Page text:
I don’t want to venture a guess on what that means for Toyota’s battery EV future. One could argue that Toyota has decided EVs aren’t yet worth the investment — even though the brand sells the bZ4X. One could also argue the opposite — perhaps Toyota is going hybrid as a bridge towards moving the Camry to an EV setup in the future.
Or, perhaps, Toyota just wants to sell the car on fuel economy and green cred while it works to figure out which powertrain tech is best going forward.
Either way, the Camry bears watching, even if it wasn’t the star of the show.
Other assorted musings and hits and misses:
- Kia’s really leaning into the boxy, rugged look with the new Sorento. I am sure the success of the Telluride plays a part, as does the brand’s excitement for the upcoming EV9. The next Sorento is not a bad-looking vehicle up close, but boxy can be boring, and I wish the company had borrowed more from the swoopy Sportage hybrid.
- Speaking of Kia, I am normally indifferent to design-study concepts these days, since the days of truly sexy futuristic concepts are mostly over, but the EV4 drew my eye. It looks really good up close.
- The Lucid really does look good. So does the Genesis GV80. Maybe I am just finally surrendering to market trends, but these models prove it is possible to make a crossover look stylish.
- Subaru made the Forester look even more boring, but that’s actually good in this case. It’s going to blend better and it’s easier on the eyes. Yes, you can make crossovers look cool, as I just said above, but many buyers care as much or more about utility and aren’t worried about turning heads. Having its stranger styling elements tamed down means the Forester is more bland, but bland can be good. There’s something to be said about clean lines.
- The Hyundai Ioniq 5 N is cool but I don’t understand why the swoopier Ioniq 6 didn’t get the N treatment first. There’s probably a good reason (I didn’t get a chance to speak to Hyundai folks about it), but the 6 screams for “high performance EV sedan” treatment.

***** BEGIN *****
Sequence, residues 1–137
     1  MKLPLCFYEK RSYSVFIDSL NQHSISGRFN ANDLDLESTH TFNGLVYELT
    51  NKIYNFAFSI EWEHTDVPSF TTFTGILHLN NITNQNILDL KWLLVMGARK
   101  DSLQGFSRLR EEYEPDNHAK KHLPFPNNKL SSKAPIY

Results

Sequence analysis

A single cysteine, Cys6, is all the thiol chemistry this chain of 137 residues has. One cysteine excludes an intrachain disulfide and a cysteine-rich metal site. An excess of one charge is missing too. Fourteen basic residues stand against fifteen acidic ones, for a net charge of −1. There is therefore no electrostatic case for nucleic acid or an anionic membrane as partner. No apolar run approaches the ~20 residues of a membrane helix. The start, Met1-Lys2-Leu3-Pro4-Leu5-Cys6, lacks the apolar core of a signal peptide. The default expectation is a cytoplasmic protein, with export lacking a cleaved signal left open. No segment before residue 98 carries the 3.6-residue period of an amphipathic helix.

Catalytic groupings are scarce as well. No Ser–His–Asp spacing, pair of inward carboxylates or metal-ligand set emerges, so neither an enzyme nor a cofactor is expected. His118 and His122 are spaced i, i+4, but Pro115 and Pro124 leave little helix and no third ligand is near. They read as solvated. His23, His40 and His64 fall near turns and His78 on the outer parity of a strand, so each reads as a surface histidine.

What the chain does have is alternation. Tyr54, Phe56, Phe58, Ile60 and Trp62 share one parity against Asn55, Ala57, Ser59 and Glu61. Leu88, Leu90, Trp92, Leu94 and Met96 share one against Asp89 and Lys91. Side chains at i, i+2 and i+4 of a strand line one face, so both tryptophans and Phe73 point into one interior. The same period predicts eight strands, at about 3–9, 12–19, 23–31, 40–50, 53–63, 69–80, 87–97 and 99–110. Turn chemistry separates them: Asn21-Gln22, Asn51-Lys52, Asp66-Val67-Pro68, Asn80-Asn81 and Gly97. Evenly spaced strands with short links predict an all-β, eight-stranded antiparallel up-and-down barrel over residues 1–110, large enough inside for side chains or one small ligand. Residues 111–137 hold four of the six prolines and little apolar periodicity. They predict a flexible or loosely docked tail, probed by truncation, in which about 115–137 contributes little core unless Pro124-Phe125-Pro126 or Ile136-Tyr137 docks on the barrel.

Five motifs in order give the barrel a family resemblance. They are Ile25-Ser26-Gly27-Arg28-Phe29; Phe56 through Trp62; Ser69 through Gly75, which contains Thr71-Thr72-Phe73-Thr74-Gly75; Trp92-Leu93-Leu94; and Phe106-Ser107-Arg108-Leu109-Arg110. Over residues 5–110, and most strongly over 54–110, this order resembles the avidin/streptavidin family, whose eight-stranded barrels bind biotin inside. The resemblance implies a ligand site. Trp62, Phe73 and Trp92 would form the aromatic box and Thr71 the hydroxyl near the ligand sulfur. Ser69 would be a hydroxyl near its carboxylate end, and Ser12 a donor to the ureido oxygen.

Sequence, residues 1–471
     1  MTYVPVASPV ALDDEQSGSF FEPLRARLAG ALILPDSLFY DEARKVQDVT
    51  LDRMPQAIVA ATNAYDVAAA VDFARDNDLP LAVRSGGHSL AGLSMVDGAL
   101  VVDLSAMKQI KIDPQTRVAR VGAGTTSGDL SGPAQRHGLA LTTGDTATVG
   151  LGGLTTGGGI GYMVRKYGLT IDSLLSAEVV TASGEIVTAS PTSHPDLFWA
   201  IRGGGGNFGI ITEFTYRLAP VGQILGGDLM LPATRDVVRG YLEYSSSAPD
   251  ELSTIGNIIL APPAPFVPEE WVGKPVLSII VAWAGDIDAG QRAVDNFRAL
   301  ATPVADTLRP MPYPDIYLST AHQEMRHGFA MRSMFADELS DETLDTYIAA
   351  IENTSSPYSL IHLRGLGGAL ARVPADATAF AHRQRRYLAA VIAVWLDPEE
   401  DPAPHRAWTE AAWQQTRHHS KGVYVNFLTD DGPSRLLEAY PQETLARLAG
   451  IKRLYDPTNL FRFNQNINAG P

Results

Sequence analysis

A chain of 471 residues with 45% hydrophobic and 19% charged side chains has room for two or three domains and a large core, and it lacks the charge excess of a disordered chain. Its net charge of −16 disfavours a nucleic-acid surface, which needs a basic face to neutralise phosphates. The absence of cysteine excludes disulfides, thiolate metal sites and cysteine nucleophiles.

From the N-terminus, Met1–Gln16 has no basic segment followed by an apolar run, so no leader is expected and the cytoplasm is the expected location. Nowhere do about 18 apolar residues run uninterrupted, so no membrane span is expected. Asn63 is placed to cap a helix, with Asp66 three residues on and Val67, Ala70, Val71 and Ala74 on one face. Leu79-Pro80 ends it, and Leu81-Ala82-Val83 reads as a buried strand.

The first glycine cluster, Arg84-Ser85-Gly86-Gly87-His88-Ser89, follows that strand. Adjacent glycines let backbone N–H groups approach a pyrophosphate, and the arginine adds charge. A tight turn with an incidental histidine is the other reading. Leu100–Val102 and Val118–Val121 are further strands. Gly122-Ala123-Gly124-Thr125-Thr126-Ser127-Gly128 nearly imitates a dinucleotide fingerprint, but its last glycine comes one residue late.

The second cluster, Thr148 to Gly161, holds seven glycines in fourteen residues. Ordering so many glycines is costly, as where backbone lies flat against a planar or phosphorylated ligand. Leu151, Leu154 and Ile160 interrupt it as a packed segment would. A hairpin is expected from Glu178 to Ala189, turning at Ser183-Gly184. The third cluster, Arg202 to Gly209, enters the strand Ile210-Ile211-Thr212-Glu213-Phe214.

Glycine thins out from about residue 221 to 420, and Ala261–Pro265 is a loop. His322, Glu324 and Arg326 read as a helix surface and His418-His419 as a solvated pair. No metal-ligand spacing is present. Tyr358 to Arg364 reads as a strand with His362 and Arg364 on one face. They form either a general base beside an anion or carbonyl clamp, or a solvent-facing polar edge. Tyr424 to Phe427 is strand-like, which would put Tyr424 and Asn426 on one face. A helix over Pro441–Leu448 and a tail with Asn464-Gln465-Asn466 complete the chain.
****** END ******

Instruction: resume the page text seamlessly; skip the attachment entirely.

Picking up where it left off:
- If you’re going to the show, be sure to wander the side and basement displays. There are some cool cars on hand. I thought the Kevin Hart collection might be corny but the cars were fun to look at it — only the DJ was cringe. I also liked the Fast and Furious display. Well, mostly the Alfa.
- Stellantis’s presence really was missed. The company usually takes up a lot of floor space, thanks to its various brand displays and its test tracks.
- Don’t worry if you like indoor test tracks — even with Stellantis sitting out, Ford has one on hand. You can also test various EVs indoors and out.
- Even though LA was busier than Detroit, it was still a bummer to see so many luxury brands taking a pass. And not just because they often have the best free lattes on the show floor. When small luxury brands feel that auto shows are worth the spend, the industry feels healthier.
If the LA show was an indicator that the industry is moving in a positive direction, we’ll know better next year in Chicago and New York. New York, especially, is influential due to the presence of so much business and mainstream press in that city — journalists who don’t normally cover cars. Journalists that will happily cab it from Midtown to Javits for a half-day to see what’s new in the automotive world.
Again, I don’t want to overstate the meaning of one media day. But when I woke up Friday, the sun was shining seemingly even brighter than it was Thursday. Probably a coincidence, especially in sunny SoCal, but I have to admit I left LA in a better mood than when I landed.
We’ll see if the industry follows.
[Images © 2023 Tim Healey/TTAC]